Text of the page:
Pakistan shuns physicist linked to 'God particle'
The pioneering work of Abdus Salam, Pakistan's only Nobel laureate, helped lead to the apparent discovery of the subatomic "God particle" last week. But the late physicist is no hero at home, where his name has been stricken from school textbooks.
Praise within Pakistan for Salam, who also guided the early stages of the country's nuclear program, faded decades ago as Muslim fundamentalists gained power. He belonged to the Ahmadi sect, which has been persecuted by the government and targeted by Taliban militants who view its members as heretics.
Their plight — along with that of Pakistan's other religious minorities, such as Shiite Muslims, Christians and Hindus — has deepened in recent years as hardline interpretations of Islam have gained ground and militants have stepped up attacks against groups they oppose. Most Pakistanis are Sunni Muslims.
Salam, a child prodigy born in 1926 in what was to become Pakistan after the partition of British-controlled India, won more than a dozen international prizes and honors. In 1979, he was co-winner of the Nobel Prize for his work on the so-called Standard Model of particle physics, which theorizes how fundamental forces govern the overall dynamics of the universe. He died in 1996.
Salam and Steven Weinberg, with whom he shared the Nobel Prize, independently predicted the existence of a subatomic particle now called the Higgs boson, named after a British physicist who theorized that it endowed other particles with mass, said Pervez Hoodbhoy, a Pakistani physicist who once worked with Salam. It is also known as the "God particle" because its existence is vitally important toward understanding the early evolution of the universe.
Physicists in Switzerland stoked worldwide excitement Wednesday when they announced they have all but proven the particle's existence. This was done using the world's largest atom smasher at the European Organization for Nuclear Research, or CERN, near Geneva.
"This would be a great vindication of Salam's work and the Standard Model as a whole," said Khurshid Hasanain, chairman of the physics department at Quaid-i-Azam University in Islamabad.
In the 1960s and early 1970s, Salam wielded significant influence in Pakistan as the chief scientific adviser to the president, helping to set up the country's space agency and institute for nuclear science and technology. Salam also assisted in the early stages of Pakistan's effort to build a nuclear bomb, which it eventually tested in 1998.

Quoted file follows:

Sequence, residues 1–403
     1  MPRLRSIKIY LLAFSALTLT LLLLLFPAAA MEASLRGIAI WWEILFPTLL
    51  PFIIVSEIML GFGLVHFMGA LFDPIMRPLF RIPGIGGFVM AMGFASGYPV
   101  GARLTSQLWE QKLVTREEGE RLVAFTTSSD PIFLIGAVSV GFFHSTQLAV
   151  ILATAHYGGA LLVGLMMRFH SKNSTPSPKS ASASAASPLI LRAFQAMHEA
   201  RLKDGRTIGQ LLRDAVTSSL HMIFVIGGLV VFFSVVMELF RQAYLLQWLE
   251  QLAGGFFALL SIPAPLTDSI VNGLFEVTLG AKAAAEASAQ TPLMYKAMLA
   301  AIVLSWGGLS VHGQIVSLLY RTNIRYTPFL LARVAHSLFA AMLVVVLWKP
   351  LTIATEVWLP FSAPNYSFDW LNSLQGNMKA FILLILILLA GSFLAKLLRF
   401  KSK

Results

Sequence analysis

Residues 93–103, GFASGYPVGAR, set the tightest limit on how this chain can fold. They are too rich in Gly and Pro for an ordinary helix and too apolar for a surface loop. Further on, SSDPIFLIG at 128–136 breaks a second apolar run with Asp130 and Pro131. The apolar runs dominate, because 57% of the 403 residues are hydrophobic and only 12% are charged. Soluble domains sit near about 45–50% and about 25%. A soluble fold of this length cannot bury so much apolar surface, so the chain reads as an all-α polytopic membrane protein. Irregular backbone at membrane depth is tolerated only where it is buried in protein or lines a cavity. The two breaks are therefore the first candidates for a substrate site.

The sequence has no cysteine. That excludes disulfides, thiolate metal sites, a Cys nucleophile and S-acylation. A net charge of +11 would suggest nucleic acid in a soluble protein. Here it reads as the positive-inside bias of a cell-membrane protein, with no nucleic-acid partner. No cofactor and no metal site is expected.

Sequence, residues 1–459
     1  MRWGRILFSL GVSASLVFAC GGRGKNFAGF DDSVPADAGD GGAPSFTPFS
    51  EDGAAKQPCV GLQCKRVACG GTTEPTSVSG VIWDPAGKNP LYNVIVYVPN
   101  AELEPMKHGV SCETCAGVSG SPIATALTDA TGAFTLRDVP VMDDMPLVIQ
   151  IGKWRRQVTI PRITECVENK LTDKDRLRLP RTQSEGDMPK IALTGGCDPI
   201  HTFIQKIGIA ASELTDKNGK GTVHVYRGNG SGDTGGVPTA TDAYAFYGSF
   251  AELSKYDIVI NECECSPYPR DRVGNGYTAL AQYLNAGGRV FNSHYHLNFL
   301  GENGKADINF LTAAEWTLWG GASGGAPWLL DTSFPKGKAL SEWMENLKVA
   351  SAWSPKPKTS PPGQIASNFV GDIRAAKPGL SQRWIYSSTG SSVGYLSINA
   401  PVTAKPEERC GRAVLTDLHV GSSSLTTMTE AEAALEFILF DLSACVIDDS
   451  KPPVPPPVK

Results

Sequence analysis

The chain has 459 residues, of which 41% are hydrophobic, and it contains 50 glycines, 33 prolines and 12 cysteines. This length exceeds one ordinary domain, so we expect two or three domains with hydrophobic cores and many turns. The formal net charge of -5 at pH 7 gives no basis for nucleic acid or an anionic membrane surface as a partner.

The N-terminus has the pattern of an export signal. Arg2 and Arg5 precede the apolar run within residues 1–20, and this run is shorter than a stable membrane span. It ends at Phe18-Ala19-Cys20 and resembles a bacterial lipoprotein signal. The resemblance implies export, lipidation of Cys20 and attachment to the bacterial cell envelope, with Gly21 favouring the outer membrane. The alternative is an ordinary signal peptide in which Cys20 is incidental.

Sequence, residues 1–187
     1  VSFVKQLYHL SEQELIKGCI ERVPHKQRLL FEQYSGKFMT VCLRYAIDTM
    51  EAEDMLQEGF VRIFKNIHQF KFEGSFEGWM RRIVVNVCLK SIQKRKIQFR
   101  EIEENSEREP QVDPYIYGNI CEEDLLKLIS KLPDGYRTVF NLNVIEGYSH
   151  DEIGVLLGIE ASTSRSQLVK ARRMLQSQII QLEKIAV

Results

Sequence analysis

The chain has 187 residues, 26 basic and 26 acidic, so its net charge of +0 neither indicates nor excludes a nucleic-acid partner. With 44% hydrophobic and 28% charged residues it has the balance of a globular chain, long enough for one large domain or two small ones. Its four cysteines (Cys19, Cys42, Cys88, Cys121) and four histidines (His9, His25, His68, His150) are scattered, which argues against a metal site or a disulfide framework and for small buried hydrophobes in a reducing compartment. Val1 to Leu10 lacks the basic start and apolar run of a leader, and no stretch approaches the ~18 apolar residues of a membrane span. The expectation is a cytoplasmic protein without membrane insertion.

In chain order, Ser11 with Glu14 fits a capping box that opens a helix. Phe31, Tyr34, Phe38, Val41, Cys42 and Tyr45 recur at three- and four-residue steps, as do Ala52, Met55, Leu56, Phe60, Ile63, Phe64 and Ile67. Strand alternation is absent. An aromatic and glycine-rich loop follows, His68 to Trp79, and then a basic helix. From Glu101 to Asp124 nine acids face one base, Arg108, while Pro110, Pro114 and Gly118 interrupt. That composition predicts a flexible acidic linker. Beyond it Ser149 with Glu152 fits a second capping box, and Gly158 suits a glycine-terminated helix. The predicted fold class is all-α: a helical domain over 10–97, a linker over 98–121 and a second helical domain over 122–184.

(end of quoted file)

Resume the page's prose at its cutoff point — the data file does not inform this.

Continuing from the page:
Salam's life, along with the fate of the 3 million other Ahmadis in Pakistan, drastically changed in 1974 when parliament amended the constitution to declare that members of the sect were not considered Muslims under Pakistani law.
Ahmadis believe their spiritual leader, Hadrat Mirza Ghulam Ahmad, who died in 1908, was a prophet of God — a position rejected by the government in response to a mass movement led by Pakistan's major Islamic parties. Islam considers Muhammad the last prophet and those who subsequently declared themselves prophets as heretics.
All Pakistani passport applicants must sign a section saying the Ahmadi faith's founder was an "impostor" and his followers are "non-Muslims." Ahmadis are prevented by law in Pakistan from "posing as Muslims," declaring their faith publicly, calling their places of worship mosques or performing the Muslim call to prayer. They can be punished with prison and even death.
Salam resigned from his government post in protest following the 1974 constitutional amendment and eventually moved to Europe to pursue his work. In Italy, he created a center for theoretical physics to help physicists from the developing world.
Although Pakistan's then-president, Gen. Zia ul-Haq, presented Salam with Pakistan's highest civilian honor after he won the Nobel Prize, the general response in the country was muted. The physicist was celebrated more enthusiastically by other nations, including Pakistan's archenemy, India.
Despite his achievements, Salam's name appears in few textbooks and is rarely mentioned by Pakistani leaders or the media. By contrast, fellow Pakistani physicist A.Q. Khan, who played a key role in developing the country's nuclear bomb and later confessed to spreading nuclear technology to Iran, North Korea and Libya, is considered a national hero. Khan is a Muslim.
Officials at Quaid-i-Azam University had to cancel plans for Salam to lecture about his Nobel-winning theory when Islamist student activists threatened to break the physicist's legs, said his colleague Hoodbhoy.
"The way he has been treated is such a tragedy," said Hoodbhoy. "He went from someone who was revered in Pakistan, a national celebrity, to someone who could not set foot in Pakistan. If he came, he would be insulted and could be hurt or even killed."
The president who honored Salam would later go on to intensify persecution of Ahmadis, for whom life in Pakistan has grown even more precarious. Taliban militants attacked two mosques packed with Ahmadis in Lahore in 2010, killing at least 80 people.
"Many Ahmadis have received letters from fundamentalists since the 2010 attacks threatening to target them again, and the government isn't doing anything," said Qamar Suleiman, a spokesman for the Ahmadi community.
For Salam, not even death saved him from being targeted.
Hoodbhoy said his body was returned to Pakistan in 1996 after he died in Oxford, England, and was buried under a gravestone that read "First Muslim Nobel Laureate." A local magistrate ordered that the word "Muslim" be erased.